Among patients with early rheumatoid arthritis (RA) who are being treated with conventional methods, the repair of erosions may be more common than previously thought, according to results published in The Journal of Rheumatology.

The study included conventionally treated participants with early RA who had radiographs of hands and feet on enrollment and at 1, 2, 5, and 8 years of follow-up (n=395). The researchers used the Sharp/van der Heijde method to chronologically score the radiographs for erosions. They defined an erosion with repair as 1 that has become partially or totally filled, with or without sclerosis.

At 1 year, 16% (n=64) of participants had erosions with repair, with 29% (n=113) at 2 years, 36% (n=142) at 5 years, and 51% (n=200) at 8 years.

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After 1 year of follow-up, 13% of participants with at least 1 new erosion showed repair compared with 3% of participants with no new erosions (P =.001). At 2 years, these percentages were 22% and 6%, respectively; at 5 years, they were 28% and 8%; and at 8 years, they were 39% and 11% (all P =.001).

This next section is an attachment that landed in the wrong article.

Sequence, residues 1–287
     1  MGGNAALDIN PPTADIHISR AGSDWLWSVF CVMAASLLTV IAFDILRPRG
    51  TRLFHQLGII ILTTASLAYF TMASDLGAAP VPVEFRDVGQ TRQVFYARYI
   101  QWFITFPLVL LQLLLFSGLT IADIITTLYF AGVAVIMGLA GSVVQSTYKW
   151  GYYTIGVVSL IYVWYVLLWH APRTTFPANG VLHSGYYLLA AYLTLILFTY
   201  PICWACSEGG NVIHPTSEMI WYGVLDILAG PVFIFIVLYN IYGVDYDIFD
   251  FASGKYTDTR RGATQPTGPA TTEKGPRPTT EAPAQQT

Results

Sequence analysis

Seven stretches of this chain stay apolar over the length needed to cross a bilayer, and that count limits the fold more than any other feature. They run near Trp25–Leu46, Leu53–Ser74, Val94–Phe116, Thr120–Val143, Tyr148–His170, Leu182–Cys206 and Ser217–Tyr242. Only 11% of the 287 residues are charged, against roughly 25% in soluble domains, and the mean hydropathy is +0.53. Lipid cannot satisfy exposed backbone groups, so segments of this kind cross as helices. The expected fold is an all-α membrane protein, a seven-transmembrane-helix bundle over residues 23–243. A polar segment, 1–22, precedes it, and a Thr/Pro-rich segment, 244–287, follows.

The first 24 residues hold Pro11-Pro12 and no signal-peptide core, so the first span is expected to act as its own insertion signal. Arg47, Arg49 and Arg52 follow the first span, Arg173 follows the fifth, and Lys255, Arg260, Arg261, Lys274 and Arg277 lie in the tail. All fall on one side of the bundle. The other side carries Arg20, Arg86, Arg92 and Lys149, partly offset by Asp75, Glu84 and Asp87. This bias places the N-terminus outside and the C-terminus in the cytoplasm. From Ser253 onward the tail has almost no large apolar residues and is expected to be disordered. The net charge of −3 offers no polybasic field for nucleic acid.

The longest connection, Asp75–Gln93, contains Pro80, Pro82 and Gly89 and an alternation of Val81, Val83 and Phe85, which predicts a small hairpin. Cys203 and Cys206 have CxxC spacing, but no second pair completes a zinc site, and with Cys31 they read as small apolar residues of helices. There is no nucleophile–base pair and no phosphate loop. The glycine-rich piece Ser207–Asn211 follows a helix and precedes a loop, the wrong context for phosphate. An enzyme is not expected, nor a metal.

The researchers found that the sum of all repaired erosions significantly correlated with the sum of all erosions and with the sum of all erosion scores. They also found that the presence of rheumatoid factor and anticyclic citrullinated peptide antibodies were significantly associated with both new erosions and repair of erosions.

“Further studies are needed to clarify the potential value of recording repair in clinical practice,” the researchers wrote.

Reference

Forslind K, Eberhardt K, Svensson B. Repair of erosions in patients with rheumatoid arthritis [published online February 1, 2019]. J Rheumatol. doi:10.3899/jrheum.180557